Ending toxic mercury lighting
The Clean Lighting Coalition supports a global shift to mercury-free lighting through the Minamata Convention.
The Minamata Convention on Mercury is a global treaty to protect human health and the environment from the adverse effects of mercury. The Convention launched in 2013 with the goal to “Make Mercury History” by eliminating the use of mercury in products and processes worldwide. It is named after the city of Minamata, Japan, where the population experienced widespread mercury poisoning after wastewater from a nearby chemical plant was discharged into Minamata Bay.
The Convention entered into force in 2017 following ratification by 50 countries. As of February 2023, 140 parties have ratified the Convention. Major highlights of the Minamata Convention include a ban on new mercury mines and phase-out of existing ones, the phase-out and phase-down of mercury use in a number of products and processes, control measures on emissions to air and on releases to land and water, and the regulation of the informal sector of artisanal and small-scale gold mining.
Minamata Convention Ratification Map
Despite significant progress to reduce mercury, the Minamata Convention includes special exemptions for mercury-based fluorescent lighting products in Annex A of the Convention text. While these fluorescent exemptions may have been necessary in 2013 when the Convention was drafted, lighting technology has moved on rapidly – and today, the accessibility and affordability of mercury-free LED retrofit lamps makes the fluorescent lamp exemption unnecessary.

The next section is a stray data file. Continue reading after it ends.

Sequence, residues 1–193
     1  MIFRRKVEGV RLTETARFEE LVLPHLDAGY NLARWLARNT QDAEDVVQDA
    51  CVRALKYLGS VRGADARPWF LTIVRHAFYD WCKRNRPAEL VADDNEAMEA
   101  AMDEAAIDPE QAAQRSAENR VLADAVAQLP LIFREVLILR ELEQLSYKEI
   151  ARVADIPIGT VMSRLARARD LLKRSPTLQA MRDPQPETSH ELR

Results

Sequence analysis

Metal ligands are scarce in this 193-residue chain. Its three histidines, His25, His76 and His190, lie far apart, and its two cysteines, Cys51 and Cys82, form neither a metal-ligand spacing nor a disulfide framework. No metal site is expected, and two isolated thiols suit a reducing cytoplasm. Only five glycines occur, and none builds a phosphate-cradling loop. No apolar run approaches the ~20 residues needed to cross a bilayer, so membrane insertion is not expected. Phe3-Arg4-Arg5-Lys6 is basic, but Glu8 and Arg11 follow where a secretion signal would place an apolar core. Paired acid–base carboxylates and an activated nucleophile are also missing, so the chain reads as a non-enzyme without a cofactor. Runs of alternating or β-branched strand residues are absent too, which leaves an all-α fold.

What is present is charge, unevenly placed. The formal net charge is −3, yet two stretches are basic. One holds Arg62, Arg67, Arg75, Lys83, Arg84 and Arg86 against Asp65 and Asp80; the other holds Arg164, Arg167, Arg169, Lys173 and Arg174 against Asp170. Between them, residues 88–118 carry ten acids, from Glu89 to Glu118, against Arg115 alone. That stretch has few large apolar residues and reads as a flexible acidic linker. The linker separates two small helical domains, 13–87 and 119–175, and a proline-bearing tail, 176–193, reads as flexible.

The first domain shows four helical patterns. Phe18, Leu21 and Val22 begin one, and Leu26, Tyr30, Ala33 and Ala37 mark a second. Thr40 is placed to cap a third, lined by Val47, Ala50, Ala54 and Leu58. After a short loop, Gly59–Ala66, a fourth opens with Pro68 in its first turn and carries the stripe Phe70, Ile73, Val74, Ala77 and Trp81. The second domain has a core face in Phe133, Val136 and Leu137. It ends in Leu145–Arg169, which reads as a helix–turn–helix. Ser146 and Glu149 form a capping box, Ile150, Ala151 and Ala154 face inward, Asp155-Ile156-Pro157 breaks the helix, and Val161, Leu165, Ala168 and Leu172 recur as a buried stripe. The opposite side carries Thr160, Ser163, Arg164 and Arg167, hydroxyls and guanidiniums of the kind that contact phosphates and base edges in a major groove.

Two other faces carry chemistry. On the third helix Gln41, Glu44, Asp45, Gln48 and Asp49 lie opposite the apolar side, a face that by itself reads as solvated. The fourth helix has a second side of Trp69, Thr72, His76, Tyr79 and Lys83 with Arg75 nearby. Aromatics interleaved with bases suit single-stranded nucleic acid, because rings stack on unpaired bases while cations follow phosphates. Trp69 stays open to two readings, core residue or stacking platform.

At the Minamata Convention Conference of Parties (COP4) in 2022, 137 parties agreed to phase out compact fluorescent lamps by 2025. However, parties did not conclude their negotiations on the phase-out dates for linear fluorescent lamps (LFLs). At COP5 in October 2023, the parties will have an opportunity to continue their negotiations on phase-out dates of linear fluorescent lamps (LFLs).
As shown in the table below, a 2025 phase-out scenario would save 198 tonnes of mercury pollution, US $1.34 trillion in electricity bills, 3.3 GT of CO2 emissions, and 9,602 TWh of energy consumption from 2025-2050.
Each year a phase-out is delayed, there are significant losses. A 2027 phase-out scenario (2-year delay) would result in 36 tonnes of avoidable mercury emissions released, $221 billion in electricity bill savings forfeited, and 600 million tonnes of CO2 savings lost. A 2030 phase-out scenario (5-year delay) would result in 82 tonnes of mercury released, over half a trillion USD in electricity bill savings forfeited, and 1.4GT of CO2 savings lost.